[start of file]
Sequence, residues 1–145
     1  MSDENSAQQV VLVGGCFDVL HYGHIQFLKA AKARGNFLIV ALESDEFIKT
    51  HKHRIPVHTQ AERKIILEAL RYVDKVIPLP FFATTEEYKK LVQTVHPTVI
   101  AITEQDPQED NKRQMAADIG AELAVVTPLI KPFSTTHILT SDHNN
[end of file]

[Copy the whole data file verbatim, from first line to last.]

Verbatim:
Sequence, residues 1–145
     1  MSDENSAQQV VLVGGCFDVL HYGHIQFLKA AKARGNFLIV ALESDEFIKT
    51  HKHRIPVHTQ AERKIILEAL RYVDKVIPLP FFATTEEYKK LVQTVHPTVI
   101  AITEQDPQED NKRQMAADIG AELAVVTPLI KPFSTTHILT SDHNN